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In a system administration way of working around networking services hosted by GNU Linux or Linux for short, one must be equipped with a crash recovery kit. The tool kit will enable administrators to analyze and derive a solution for a Linux system crash (which rarely happens). But the rule of thumb will be always applied in a system. There will be a fail-safe recovery procedure that can be implemented once a system breaks down- no matter how perfect the design and implementation of it is.
Fortunately different variance or flavors of Linux offer different approaches to system recovery. One can be a file system check recovery; another is using a rescue disk provided by a respective Linux distribution. But having a USB bootable image of the Linux operating system is the best solution there is for a system recovery. The reason is that Live OS on USB loads the regular settings, drivers, and defaults for immediate usage by users. So hardware involved in the machine can be accessed or used to make sure the hardware is working fine, and users will be able to isolate the problem away from the hardware and concentrate more on the software part behind the Linux operating system. With USB used as a media to install a recovery kit for Linux OS, administrators can bring it anywhere and be ready anytime.
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Requirements to Make the Recovery Kit
For a user to come up with a Linux recovery kit in a USB media, users must have the following requirements. Number one material would be the loading media: a minimum size of one (1) gigabyte of free space USB thumb drive.
Download an ISO image of Fedora Core Live OS which is more or less 600 MB in size and store it in a folder on a Windows XP operating system. The image can be found at http://fedoraproject.org/get-fedora. Once you get hold of that image, it is time to download the live USB creator from http://fedoraproject.org/liveusb-creator.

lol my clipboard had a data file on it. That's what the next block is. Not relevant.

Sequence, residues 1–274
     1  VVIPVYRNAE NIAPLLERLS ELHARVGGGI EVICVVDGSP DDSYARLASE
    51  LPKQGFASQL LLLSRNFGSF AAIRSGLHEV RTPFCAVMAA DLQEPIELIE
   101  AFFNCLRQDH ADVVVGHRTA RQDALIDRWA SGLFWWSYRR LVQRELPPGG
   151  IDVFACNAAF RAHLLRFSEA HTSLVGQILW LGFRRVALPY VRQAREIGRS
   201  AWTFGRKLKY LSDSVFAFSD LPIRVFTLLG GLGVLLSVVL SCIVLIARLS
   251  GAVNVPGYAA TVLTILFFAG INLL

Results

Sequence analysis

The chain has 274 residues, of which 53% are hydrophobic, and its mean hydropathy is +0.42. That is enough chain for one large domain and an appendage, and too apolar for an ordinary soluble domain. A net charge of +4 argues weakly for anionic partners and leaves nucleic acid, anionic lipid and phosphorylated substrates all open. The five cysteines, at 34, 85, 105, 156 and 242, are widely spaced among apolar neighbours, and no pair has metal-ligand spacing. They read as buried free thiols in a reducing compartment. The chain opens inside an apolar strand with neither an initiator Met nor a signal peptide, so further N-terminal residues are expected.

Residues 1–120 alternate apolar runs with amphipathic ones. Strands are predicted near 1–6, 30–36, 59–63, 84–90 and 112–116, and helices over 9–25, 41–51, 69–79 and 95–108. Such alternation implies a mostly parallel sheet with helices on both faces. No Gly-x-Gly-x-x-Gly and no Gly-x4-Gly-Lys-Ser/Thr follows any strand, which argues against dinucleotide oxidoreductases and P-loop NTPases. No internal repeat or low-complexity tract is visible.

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Steps for Making a USB Bootable Linux OS
After getting the materials needed, proceed to the following step by step procedures. The liveusb-creator program can be installed in Windows XP and its later versions. Just make sure that the executable program is also located in the folder where the live USB ISO image is residing. Insert the FAT32 formatted USB drive. The moment that the utility has been executed, several parameters should be supplied.
The first thing to do with the program is define the ISO image by clicking the Browse button and locate the image. Set your target device to whatever the drive letter of the USB storage is as defined by Windows. And the last thing to be set is the persistent storage, where it is the size of the drive space a user wants to have for storing static data or configuration files when using the USB Live image of Linux. Then click the Create Live USB button to start transferring the bootable image to the USB drive. Just wait for it to be at 100 % and the USB drive should be ready to boot.
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Booting up using USB is a great method to practice. Light versions of Linux are very small and easy to fit in. With just a gigabyte to spare, a user will have a very portable system recovery kit inside his pocket.